Monday, April 24, 2017
Tao Te Ching – Chapter 22
Surrender becomes perfection
If the first line of this chapter is the only one you read, it is enough. If it’s the only line you read in the entire Tao Te Ching, it is enough.
Three words...so simple. But within them is the path to awakening, the key to liberation, the secret of the vast power of the universe that manifests through all of us when we release our resistance. As Adyashanti says, “Surrender is the name of the spiritual game.”
What does it mean to surrender? In one sense, it means to not meet force with force. In Star Trek Next Generation, there was a weapon that vaporized all who sought to defeat the person holding it. Captain Picard figured out that the weapon was powered by the aggressive thoughts of the attackers. As the attackers became more aggressive, the power of the weapon increased proportionately. When faced with the person holding the weapon, he instructed his people to erase all thoughts of anger and aggression from their minds. When they did so, the weapon was useless, and the holder easily defeated.
It also means to cease struggling. Buddhism teaches us that our suffering comes from our struggle against reality, from wanting things to be other than what they are. Think of all the bad guys in the Tarzan movies (yes, I’m that old!) who flailed in the quicksand, hastening their demise. Yes, reality is sometimes painful, but our struggle against reality increases our suffering (described as the “suffering of suffering”), and depletes the energy we need to respond effectively and appropriately to whatever is happening.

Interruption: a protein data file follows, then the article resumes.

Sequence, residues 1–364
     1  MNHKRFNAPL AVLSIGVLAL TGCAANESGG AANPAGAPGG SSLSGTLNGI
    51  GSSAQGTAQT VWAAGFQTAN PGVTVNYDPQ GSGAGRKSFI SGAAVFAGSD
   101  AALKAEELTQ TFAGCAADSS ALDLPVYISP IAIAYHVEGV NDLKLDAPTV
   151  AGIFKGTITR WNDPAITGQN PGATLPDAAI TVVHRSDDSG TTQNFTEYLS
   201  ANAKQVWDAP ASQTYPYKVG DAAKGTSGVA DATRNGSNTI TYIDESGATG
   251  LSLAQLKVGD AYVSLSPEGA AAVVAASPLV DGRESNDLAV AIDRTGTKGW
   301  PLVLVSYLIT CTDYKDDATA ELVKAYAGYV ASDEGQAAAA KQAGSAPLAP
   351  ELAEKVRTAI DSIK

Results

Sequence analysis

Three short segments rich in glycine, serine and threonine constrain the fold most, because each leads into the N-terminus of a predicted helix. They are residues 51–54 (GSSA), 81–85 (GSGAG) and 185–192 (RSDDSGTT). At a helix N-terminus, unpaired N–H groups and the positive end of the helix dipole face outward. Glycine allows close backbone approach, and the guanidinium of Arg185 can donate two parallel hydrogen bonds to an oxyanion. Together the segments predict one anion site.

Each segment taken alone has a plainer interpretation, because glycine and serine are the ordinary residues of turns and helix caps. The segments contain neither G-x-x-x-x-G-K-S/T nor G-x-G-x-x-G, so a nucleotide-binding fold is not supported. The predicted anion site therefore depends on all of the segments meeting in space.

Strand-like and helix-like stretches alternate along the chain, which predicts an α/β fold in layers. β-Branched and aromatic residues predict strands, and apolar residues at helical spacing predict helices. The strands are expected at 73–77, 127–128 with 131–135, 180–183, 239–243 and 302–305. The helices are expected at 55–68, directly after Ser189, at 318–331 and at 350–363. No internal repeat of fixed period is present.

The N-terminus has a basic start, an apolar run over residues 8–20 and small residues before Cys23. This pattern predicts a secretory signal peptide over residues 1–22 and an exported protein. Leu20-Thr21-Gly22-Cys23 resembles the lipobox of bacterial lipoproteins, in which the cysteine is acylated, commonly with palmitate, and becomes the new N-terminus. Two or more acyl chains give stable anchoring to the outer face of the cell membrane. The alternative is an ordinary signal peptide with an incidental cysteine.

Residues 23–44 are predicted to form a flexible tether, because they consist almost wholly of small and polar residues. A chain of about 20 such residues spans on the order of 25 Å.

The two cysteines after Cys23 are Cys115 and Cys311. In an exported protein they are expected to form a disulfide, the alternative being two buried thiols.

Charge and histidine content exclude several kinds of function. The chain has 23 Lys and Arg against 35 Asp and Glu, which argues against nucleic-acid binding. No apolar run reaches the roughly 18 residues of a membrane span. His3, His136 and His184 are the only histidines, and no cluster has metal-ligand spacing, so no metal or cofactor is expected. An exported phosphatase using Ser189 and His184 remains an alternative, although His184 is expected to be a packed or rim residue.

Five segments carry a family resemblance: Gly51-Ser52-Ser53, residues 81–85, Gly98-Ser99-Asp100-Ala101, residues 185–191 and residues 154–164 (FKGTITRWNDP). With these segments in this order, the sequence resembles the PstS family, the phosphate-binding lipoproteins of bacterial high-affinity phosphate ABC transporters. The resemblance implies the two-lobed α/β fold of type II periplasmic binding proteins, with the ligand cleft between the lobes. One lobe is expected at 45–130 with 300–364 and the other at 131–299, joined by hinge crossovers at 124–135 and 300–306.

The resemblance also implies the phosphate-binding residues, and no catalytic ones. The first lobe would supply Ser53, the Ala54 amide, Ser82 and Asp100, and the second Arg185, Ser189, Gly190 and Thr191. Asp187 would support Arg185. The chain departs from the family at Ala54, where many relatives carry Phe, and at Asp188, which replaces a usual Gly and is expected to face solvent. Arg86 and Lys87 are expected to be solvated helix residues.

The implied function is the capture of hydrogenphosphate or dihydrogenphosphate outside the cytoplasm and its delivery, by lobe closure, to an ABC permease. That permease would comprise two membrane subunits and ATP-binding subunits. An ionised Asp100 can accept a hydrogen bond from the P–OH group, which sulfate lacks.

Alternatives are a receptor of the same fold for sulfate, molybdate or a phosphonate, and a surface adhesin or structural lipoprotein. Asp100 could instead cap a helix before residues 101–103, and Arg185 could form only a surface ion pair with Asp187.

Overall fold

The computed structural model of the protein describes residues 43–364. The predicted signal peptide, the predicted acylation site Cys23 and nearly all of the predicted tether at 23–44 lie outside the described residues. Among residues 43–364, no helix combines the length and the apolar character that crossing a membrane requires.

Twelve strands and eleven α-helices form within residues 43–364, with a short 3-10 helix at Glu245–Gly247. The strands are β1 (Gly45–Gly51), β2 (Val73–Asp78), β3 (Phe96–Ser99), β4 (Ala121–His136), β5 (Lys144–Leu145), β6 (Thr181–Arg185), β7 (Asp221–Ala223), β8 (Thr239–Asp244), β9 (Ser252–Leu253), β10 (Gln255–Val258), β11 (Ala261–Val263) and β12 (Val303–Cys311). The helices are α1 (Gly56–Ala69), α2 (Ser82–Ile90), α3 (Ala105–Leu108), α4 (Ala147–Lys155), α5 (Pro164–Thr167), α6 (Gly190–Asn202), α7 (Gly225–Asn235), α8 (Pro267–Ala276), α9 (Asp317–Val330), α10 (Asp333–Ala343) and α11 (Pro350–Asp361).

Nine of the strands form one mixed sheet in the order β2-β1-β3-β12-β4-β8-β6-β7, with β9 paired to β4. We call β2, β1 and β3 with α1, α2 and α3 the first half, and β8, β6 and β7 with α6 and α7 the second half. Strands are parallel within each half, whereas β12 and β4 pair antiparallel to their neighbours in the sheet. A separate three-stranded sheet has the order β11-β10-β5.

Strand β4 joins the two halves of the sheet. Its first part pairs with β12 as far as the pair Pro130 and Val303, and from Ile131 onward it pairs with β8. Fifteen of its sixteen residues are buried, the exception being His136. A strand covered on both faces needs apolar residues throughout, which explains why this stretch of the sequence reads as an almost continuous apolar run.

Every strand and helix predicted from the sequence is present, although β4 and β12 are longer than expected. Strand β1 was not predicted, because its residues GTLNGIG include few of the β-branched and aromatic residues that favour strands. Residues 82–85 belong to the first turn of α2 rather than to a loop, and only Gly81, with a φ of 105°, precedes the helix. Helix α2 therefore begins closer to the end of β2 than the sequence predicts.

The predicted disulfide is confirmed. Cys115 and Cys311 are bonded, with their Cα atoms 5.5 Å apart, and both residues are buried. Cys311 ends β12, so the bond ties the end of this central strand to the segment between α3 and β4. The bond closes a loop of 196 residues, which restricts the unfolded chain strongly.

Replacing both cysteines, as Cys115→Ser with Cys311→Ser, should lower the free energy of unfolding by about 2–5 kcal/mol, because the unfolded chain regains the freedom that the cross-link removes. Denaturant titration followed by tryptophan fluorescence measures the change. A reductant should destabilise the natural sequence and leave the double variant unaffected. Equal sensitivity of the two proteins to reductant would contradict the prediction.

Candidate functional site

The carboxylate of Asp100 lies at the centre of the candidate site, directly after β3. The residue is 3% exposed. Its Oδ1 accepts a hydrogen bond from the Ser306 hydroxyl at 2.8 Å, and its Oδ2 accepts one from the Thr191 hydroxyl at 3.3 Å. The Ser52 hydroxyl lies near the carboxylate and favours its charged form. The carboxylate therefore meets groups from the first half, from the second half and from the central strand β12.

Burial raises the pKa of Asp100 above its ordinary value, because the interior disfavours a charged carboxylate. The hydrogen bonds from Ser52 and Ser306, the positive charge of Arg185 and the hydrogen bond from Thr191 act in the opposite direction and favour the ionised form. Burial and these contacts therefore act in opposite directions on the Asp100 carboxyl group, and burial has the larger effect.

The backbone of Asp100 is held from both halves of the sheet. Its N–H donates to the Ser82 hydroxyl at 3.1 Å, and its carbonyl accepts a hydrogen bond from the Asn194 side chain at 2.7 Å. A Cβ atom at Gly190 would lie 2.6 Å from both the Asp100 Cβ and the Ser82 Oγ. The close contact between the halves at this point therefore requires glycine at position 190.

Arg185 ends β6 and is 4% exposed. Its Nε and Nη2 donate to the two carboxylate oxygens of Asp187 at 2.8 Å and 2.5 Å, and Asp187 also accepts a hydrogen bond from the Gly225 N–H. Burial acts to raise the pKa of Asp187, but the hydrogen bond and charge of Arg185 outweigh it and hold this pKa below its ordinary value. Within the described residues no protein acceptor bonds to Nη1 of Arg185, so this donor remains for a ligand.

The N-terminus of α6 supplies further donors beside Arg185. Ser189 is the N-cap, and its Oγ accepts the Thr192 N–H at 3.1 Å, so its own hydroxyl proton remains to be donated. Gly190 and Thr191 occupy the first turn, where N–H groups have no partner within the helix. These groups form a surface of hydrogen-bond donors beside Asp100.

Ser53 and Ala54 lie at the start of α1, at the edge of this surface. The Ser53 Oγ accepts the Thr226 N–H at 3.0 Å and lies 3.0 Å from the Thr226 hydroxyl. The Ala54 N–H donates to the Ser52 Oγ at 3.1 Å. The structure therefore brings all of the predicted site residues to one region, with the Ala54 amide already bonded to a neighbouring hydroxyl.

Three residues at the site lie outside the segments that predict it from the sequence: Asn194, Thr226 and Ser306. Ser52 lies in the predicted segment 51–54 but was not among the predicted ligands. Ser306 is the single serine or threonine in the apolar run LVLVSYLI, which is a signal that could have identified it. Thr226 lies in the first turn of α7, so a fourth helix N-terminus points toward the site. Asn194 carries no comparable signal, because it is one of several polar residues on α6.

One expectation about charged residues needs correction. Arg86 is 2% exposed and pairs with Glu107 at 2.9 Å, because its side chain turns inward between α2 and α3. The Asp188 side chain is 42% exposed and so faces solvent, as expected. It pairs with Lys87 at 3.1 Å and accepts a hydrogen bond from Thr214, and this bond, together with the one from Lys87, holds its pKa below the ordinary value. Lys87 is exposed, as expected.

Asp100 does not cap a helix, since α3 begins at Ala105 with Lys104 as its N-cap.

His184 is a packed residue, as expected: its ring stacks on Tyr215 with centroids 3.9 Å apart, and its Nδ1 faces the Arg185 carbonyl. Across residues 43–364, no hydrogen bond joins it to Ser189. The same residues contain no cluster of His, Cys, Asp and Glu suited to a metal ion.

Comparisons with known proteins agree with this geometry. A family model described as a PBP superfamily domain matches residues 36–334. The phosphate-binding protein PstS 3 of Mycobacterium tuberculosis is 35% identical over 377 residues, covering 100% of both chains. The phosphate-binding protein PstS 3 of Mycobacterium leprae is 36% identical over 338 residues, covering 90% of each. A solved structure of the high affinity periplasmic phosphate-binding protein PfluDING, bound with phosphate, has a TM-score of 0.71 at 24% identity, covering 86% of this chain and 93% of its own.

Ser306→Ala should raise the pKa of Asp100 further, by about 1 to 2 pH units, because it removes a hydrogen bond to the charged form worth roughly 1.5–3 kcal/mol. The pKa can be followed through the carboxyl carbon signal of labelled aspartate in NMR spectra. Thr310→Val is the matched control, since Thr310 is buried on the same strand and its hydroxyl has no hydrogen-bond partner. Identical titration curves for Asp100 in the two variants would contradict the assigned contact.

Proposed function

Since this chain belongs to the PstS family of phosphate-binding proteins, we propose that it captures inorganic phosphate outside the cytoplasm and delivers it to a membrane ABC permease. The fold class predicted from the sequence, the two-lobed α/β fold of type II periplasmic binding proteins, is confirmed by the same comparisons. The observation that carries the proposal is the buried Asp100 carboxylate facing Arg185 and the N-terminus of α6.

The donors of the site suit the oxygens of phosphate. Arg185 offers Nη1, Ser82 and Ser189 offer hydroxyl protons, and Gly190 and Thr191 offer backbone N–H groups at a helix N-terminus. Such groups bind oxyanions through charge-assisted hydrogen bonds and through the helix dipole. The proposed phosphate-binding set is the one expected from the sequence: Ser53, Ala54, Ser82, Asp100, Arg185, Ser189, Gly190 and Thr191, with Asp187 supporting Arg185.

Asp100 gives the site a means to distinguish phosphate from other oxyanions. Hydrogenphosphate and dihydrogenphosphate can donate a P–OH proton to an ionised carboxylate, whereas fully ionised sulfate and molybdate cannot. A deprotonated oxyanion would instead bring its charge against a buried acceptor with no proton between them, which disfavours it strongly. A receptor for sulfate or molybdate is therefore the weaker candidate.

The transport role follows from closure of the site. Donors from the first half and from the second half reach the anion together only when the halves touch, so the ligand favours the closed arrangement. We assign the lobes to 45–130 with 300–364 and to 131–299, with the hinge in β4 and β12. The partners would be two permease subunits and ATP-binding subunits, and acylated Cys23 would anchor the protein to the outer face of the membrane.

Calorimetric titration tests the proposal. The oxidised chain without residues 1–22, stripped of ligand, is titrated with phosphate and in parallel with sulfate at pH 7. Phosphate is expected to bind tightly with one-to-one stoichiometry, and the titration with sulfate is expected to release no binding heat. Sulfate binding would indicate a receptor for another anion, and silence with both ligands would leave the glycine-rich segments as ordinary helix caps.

This does not mean being a doormat and not responding to our world with courage and integrity. On the contrary, when we follow this principle, we find that we are stronger and better able to “do the right thing.”
Jesus understood this, as reflected in the Sermon on the Mount. The kingdom of Heaven belongs to the poor in spirit and the meek inherit the earth. These are not teachings of weakness and defeat; they are teachings of triumph and power. Not our personal, individual ego power, but the infinite power of the divine.
The chapter continues in this pattern of one quality “becoming” another, and describes the sage as embodying this principle of not using force, thus avoiding conflict. If there is no conflict, there is no failure.
Remember the story of the warrior brandishing his sword and threatening a monk seated serenely before him. “Why aren’t you afraid?” he roars. “Don’t you know I can run you through without blinking an eye?” “Don’t you know,” the monk quietly replies, “that I can be run through without blinking an eye?” Recognizing true power, the warrior dropped his sword and became the monk’s disciple.
At the end, the chapter circles back to the first line.
Surrender becomes perfection
Are these empty words?
Truly, perfection restores our true nature
When we are not pitting force against force, we allow the energy of creation to move through us. Like a river, it washes around and over everything in its path to return to its source. Indeed, these are not empty words, but a map leading us to our heart’s treasure. Home.
Related post: An earlier post focused on a slightly different translation of the first line. Click here to read Yield and Overcome.